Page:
Saturday, September 27, 2008
The Non-Temptation of Unsaintly Catboxer
I'm pretty much alone here in the desert, kind of like St. Anthony, although my case is certainly less extreme than his was. The mercury still climbs past the 100 mark every day, even though it's *officially* fall, and there are very few people around. In the morning a golf cart goes by once in a while, but by the time the afternoon heat is at its peak there's not a soul to be seen, and the only sound is the wind in the palms. Even the birds are still.
Whether my solitude is by choice or necessity I can't really tell; Anthony's was self-imposed, because he wanted to be alone with God. Grace proved elusive, however, and was preceded by years of grueling mental torture, or "temptation" as Anthony's biographer Athanasius of Alexandria would have it. Alone in the Egyptian desert, isolated, and removed from any human habitation, Anthony was first afflicted with boredom, laziness, and incessant visions of naked women. These the saint overcame with constant intense prayer.
But the devil wasn't done with Anthony. Enraged that the hermit had neutralized his first attempt to break his will, the evil one attacked Anthony and beat him severely, mercilessly, and constantly.
The isolated psyche is the mind of a lunatic.
Local villagers who came to visit him in his cave found Anthony battered and unconscious, and carried him to the hamlet's church, where he spent some time recovering in the society of other humans.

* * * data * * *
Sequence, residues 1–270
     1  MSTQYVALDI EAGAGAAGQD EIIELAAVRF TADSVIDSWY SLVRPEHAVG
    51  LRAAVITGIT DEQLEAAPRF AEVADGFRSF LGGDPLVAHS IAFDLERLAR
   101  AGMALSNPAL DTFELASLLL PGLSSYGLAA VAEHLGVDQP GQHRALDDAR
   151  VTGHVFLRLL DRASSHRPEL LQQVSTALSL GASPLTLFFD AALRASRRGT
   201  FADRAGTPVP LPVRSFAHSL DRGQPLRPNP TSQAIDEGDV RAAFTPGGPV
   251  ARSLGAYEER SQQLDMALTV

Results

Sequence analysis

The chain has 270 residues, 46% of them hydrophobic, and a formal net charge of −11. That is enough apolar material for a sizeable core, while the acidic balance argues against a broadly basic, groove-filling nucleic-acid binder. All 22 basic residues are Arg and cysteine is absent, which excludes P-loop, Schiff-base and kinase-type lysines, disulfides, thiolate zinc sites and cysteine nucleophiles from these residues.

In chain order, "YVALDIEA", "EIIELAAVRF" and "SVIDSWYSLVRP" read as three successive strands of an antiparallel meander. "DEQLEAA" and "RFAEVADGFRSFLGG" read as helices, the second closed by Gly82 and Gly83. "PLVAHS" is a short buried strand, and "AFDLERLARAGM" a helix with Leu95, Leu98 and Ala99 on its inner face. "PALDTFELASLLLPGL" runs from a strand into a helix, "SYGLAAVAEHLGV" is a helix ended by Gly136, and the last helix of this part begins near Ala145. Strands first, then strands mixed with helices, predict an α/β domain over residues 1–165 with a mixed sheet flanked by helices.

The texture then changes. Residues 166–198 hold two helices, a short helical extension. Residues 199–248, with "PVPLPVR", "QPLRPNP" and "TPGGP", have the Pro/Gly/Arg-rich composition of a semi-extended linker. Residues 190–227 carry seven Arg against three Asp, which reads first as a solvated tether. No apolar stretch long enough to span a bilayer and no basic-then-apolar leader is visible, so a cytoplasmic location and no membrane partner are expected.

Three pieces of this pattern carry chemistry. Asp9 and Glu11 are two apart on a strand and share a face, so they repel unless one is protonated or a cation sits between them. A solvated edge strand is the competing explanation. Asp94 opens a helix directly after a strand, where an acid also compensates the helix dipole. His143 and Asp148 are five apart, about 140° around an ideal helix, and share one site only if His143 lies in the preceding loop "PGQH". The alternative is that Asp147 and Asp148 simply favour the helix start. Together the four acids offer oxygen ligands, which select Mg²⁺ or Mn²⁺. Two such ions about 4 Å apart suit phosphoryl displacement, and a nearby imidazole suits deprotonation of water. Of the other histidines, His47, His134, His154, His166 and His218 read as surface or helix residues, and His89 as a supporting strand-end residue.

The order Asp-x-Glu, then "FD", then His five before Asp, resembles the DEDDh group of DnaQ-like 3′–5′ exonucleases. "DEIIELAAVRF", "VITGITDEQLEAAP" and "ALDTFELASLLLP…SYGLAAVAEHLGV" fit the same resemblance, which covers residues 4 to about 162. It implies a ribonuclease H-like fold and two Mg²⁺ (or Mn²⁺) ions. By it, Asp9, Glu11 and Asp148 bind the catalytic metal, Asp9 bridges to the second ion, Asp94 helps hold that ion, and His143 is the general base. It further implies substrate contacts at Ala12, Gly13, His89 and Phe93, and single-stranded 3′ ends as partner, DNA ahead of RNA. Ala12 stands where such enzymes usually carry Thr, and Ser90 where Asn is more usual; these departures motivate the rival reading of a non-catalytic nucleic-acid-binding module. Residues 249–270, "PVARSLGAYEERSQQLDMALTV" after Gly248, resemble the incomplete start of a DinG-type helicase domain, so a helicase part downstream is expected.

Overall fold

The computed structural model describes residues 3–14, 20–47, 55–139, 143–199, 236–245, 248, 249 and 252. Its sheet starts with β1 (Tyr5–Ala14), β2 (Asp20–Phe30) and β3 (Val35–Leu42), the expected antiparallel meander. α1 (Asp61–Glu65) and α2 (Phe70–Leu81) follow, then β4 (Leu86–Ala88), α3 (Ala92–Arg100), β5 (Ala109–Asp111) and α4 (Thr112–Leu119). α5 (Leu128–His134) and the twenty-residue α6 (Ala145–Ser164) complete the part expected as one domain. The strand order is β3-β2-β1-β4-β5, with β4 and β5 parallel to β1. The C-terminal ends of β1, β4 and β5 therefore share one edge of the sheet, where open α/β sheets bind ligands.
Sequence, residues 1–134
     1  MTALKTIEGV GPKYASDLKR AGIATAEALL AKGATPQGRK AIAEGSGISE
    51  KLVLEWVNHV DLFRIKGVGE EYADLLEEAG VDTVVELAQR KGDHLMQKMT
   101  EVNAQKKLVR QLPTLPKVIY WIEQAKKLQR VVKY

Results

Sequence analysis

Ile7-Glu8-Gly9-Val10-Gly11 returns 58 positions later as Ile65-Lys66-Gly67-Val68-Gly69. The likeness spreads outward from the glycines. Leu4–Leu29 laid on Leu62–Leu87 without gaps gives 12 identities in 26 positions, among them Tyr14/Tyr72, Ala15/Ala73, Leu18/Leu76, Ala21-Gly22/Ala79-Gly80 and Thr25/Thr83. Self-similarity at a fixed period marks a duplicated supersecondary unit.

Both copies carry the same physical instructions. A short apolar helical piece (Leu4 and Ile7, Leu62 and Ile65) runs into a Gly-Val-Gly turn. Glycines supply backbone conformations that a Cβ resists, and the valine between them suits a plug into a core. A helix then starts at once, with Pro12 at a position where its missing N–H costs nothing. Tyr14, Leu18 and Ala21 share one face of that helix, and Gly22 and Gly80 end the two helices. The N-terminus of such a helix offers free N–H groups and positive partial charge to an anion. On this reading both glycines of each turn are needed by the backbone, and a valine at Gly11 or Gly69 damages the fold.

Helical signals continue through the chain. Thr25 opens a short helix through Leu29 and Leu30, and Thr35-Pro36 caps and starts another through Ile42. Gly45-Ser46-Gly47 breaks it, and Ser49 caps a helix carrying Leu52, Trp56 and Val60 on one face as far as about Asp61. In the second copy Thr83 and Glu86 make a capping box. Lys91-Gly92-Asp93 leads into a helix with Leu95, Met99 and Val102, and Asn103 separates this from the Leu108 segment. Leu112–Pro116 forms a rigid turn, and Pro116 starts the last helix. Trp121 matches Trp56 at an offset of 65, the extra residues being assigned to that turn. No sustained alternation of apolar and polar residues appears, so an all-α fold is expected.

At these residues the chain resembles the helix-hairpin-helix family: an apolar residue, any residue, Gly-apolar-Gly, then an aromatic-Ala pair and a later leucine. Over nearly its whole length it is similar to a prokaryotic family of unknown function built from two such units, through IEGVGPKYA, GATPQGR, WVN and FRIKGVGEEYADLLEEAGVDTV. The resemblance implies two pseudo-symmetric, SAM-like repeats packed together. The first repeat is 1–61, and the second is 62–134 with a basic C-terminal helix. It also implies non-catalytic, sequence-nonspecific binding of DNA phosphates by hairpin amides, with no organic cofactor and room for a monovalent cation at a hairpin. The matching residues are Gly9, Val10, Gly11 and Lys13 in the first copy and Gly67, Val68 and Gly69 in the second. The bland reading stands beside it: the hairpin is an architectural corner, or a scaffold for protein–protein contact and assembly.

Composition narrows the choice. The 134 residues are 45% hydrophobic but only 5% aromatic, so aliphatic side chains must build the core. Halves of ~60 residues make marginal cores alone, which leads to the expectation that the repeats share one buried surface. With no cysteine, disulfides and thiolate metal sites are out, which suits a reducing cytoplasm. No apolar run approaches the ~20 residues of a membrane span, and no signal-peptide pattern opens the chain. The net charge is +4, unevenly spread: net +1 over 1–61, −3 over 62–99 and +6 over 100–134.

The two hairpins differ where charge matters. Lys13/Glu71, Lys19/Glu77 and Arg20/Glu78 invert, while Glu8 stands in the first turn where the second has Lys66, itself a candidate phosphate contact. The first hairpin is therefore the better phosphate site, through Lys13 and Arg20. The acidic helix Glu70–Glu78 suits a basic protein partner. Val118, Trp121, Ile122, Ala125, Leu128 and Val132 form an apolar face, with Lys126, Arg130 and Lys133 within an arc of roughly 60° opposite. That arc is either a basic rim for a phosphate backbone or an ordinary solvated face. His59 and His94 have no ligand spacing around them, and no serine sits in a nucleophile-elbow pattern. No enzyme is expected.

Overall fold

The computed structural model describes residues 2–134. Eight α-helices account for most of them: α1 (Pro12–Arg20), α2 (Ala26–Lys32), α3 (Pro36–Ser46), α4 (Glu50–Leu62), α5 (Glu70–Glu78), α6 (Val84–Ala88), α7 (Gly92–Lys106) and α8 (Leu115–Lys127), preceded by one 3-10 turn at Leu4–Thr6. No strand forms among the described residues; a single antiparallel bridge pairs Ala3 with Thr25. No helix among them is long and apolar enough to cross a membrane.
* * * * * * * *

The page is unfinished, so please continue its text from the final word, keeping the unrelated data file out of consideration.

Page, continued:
Anthony refused to accept defeat, however, and returned to the desert, this time going even farther into the wilderness, and took up living in an abandoned Roman fort where he spent the next 20 years. There he was tortured by ferocious beasts, snakes, and scorpions, who threatened to rip him to pieces. But eventually he overcame all his trials, and found bliss.
I didn't ever plan to be alone in the desert, and don't intend to stay any longer than I have to. Any religious convictions I might have are considerably less intense than Anthony's, and even if they were more pronounced I don't think I'd be willing to undergo what he did to arrive at an unknown destination for unstated purposes.
I think I'll go back to civilization and hang out at coffee houses, where I can search for the meaning of life by conversing about it with other philosophically-inclined humans, preferably attractive, prosperous young females, although aging men of limited means like myself will certainly do as long as they're not idiots or blowhards. For I've experienced nothing here in the desert that could even remotely qualify as a temptation.
I think it was Aristotle who said that "In order to live in isolation, forsaking all human contact, one must either be a God or beast." This is another way of saying too much solitude makes us crazy.
Note: the oil painting painting "The Temptation of St. Anthony" is by Peter Howson. The saint's ordeals have been interpreted by many artists including Hieronymus Bosch (twice), Martin Schongauer, Matthias Grunewald, and Albrecht Durer, among others.